What Does a Bankruptcy Trustee Do?

Mitchell Reed Sussman
Palm Springs Litigation Attorney
1.800.233.8521

Many people who are contemplating filing bankruptcy ask the question, what exactly is the job of the bankruptcy trustee? Is he my friend or foe? Well the answer to this question is really quite simple, once you know the duties of a trustee.


A bankruptcy trustee appointed in a Chapter 7 or Chapter 13, is assigned the task of administering the case file and all assets related to the case.


At the outset he reviews the bankruptcy petition and all the submitted paperwork to see that it meets all the requirements of a proper bankruptcy filing. Once he completes this basic task, his next duty is to conduct a personal examination of the debtor.

The trustee's examination of the person filing bankruptcy is for the purpose of determining background information relevant to the case. The examination may include production of paperwork documenting the information contained in the bankruptcy petition.


In a Chapter 7 case, the principal purpose of the examination is the discovery of non - exempt assets of the debtor. If a trustee discovers non - exempt assets, he or she will ask the debtor to turn over the assets so that they can be sold at a bankruptcy sale. Once the debtor's assets are turned over the trustee will convert the assets to cash for the purpose of making distributions to creditors who have filed and had their claims approved by the bankruptcy trustee.


Understand that the trustee has a vested interest in finding non - exempt assets. His interest is twofold. First and foremost, it is his duty to locate and recover assets so that creditors of the debtor can be paid something on their claim. Second, the trustee receives a percentage of any assets that are recovered. So the more assets he finds and recovers the greater his fee for administering the case.
If you are filing a Chapter 7 bankruptcy for a business, the bankruptcy court may authorize the trustee to continue operation of the business for a limited period of time, if it will benefit the creditors of the estate. This typically occurs if the business has inventory that needs to be liquidated and converted into cash. In such cases the trustee will conduct a bankruptcy sale, often at the location of the debtors store or place of business.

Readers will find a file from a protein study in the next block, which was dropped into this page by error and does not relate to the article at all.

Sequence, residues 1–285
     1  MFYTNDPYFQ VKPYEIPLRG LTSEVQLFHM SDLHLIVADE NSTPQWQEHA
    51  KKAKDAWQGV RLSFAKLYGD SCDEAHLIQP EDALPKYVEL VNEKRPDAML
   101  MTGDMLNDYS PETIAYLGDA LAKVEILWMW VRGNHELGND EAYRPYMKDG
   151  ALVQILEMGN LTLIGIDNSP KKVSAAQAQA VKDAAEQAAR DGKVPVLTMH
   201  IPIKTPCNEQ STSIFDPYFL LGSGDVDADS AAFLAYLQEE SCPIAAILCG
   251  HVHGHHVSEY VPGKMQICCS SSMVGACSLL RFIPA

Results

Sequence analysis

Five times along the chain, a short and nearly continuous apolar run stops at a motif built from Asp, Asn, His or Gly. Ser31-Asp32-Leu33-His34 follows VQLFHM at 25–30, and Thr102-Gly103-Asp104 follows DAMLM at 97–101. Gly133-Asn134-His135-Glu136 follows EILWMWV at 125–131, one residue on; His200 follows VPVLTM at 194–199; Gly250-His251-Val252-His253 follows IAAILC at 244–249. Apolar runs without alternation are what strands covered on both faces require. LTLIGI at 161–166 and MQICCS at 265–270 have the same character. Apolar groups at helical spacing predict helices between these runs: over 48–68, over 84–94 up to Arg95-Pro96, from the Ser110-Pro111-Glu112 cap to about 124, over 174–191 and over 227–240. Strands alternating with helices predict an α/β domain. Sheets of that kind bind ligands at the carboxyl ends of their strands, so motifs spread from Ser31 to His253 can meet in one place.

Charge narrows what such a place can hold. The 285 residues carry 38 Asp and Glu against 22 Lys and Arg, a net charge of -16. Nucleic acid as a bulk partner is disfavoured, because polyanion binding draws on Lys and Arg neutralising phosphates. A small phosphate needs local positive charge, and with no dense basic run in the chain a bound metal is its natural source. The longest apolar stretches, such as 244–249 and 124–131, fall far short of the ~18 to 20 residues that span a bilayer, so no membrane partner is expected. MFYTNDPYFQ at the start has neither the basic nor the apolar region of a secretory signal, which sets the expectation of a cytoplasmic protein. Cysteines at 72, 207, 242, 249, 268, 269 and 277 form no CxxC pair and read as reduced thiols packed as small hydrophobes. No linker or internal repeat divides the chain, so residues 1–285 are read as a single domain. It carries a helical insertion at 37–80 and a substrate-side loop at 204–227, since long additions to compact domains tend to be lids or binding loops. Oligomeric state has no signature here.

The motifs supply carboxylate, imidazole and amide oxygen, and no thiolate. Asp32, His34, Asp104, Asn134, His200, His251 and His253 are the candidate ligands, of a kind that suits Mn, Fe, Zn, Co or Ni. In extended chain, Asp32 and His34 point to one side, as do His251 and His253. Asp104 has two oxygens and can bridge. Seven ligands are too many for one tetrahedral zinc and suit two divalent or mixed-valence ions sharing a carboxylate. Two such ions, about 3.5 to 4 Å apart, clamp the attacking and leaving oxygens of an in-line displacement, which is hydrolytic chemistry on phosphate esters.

In a Chapter 13 case, the trustee's goal is determine an appropriate amount that a debtor can afford to pay each month in a repayment plan to creditors. The trustee will review the debtor's income and expenses so that a proposed plan can be confirmed by the court. Here again, the trustee's compensation is a percentage. In this case, however, the percentage is based upon the monthly payment schedule set up to pay Chapter 13 creditors.


In addition to reviewing the bankruptcy petition, investigating the financial affairs of the debtor and collecting non - exempt property, trustee's are charged in Chapter 7 and Chapter 13 cases with examining and objecting to proofs of claim, opposing the debtor's discharge, if the trustee believes there has been some fraud or other inappropriate conduct by the debtor, sending required notices, furnishing information to parties in interest and reporting on the administration of the case.


In some cases, a trustee may act upon the rights of the debtor including filing lawsuits on the debtor's behalf. Such lawsuits usual involve the trustee's attempt to collect property due the debtor. In addition, the trustee may file actions to set aside either preferential or fraudulent transfers made by the debtor to friends or preferred creditors.


Apart from the initial inquiry into the appropriateness of the chapter filing all of the actions of the trustee have one purpose in mind, to generate assets for the bankruptcy estate that can be then liquidated, converted into cash and disbursed to creditors of the bankruptcy estate.




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